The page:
AI use in workplace linked to loneliness and insomnia, study reveals

A recent study has revealed that employees who frequently use artificial intelligence (AI) in their workplace are more likely to experience loneliness, leading to insomnia. The research was conducted in four locations – Taiwan, Indonesia, the US, and Malaysia – and found consistent results across all regions.

Lead researcher Pok Man Tang explained that the rapid advancement in AI systems is reshaping the workplace, offering many benefits but also posing potential dangers, including mental and physical impacts on employees. As humans are social animals, isolating work with AI systems may have damaging effects on employees’ personal lives.

The study tested several hypotheses revolving around the idea that more frequent interaction with AI may lead employees to feel socially disconnected from others, which may increase feelings of loneliness and be linked to insomnia or difficulty sleeping at night and more consumption of alcohol after work.

In Malaysia, data was collected from 294 employees in a technology company, whose work included using AI systems for various business functions. The employees were given a survey and randomly assigned to two groups for three straight days, before being given a survey after those three days to report their interaction frequency with AI and their own after-work alcohol consumption and insomnia.

The research found that employees who frequently use AI systems were more likely to experience loneliness, and it also supported the hypotheses that such loneliness was associated with after-work alcohol consumption and after-work insomnia.

However, the researchers also said the research findings of the four locations do not prove that working with AI systems causes loneliness or other responses, and said the research findings are only correlational or show that there is an association among them.

Based on the research, the researchers said working with AI systems may have some benefits, as it could lead to such employees offering to help their colleagues.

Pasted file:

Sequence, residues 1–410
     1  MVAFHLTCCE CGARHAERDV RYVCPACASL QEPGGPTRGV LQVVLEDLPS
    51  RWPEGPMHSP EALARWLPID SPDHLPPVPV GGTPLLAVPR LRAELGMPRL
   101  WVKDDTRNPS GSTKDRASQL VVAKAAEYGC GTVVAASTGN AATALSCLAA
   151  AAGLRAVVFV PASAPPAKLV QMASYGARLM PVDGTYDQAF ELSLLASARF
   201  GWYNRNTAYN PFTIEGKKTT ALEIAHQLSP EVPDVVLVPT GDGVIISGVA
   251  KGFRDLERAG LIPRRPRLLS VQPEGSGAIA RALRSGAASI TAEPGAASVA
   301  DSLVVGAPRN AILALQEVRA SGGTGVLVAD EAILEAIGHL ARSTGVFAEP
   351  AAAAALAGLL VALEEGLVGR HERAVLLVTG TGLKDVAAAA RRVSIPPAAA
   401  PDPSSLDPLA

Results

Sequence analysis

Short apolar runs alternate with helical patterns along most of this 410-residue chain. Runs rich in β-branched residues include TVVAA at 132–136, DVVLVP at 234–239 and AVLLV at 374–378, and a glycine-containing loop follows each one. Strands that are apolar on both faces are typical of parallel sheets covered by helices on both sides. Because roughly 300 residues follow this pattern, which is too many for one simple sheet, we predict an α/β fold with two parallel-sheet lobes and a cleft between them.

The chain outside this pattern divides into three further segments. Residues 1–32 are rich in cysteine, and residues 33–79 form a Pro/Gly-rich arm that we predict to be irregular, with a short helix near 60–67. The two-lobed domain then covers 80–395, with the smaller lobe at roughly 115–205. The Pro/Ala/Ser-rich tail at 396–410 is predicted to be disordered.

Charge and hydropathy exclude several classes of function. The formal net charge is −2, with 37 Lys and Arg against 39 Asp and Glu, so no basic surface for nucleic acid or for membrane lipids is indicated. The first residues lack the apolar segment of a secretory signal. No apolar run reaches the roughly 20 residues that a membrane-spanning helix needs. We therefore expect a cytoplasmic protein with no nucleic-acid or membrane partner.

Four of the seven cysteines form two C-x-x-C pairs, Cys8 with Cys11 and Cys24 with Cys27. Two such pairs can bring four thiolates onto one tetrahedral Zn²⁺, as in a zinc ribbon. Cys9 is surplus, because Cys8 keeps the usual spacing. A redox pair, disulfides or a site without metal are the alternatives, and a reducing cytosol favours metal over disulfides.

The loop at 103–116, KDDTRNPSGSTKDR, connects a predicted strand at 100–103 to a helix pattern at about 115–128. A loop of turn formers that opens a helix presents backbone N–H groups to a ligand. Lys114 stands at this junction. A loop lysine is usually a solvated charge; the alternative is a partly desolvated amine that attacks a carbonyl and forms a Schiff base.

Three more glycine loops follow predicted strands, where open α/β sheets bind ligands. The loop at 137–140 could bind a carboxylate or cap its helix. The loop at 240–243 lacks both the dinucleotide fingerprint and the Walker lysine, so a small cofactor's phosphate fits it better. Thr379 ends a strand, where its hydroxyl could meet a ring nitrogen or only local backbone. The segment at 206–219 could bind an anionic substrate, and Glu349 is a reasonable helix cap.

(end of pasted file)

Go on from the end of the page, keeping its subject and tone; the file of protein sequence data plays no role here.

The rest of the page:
“The researchers found that employees who frequently used AI systems were more likely to offer help to fellow employees, but that response may have been triggered by their loneliness and need for social contact,” the researchers said in the same press statement.

“Furthermore, the studies found that participants with higher levels of attachment anxiety — the tendency to feel insecure and worried about social connections — responded more strongly to working on AI systems with both positive reactions, such as helping others, and negative ones, such as loneliness and insomnia,” they added.

In light of these findings, lead researcher Tang suggested that AI technology developers consider adding social features to AI systems, such as a human voice, to emulate human-like interactions. Tang also recommended that employers limit the frequency of work with AI systems and offer opportunities for employees to socialise.

Tang said AI systems could focus more on tedious and repetitive tasks, while tasks like making decisions as a team or where social connections are important could be carried out by people. “Mindfulness programs and other positive interventions also might help relieve loneliness,” Tang said. “AI will keep expanding, so we need to act now to lessen the potentially damaging effects for people who work with these systems.”

The research paper, titled “No Person Is an Island: Unpacking the Work and After-work Consequences of Interacting with Artificial Intelligence,” was jointly written by Tang, Joel Koopman of the Texas A&M University in the US, Ke Michael Mai and David De Cremer of the National University of Singapore, Jack H. Zhang of Singapore’s Nanyang Business School, Philipp Reynders of the UK’s Cardiff University, as well as Chin Tung Stewart Ng and I-Heng Chen of Taiwan’s National Sun Yat-sen University.

World News

Lee Shuyi

Lee is an expat writer living in Thailand. She specialises in Southeast Asian news for the Thaiger. When she's not writing, Lee enjoys immersing herself in Thai culture and learning Thai.

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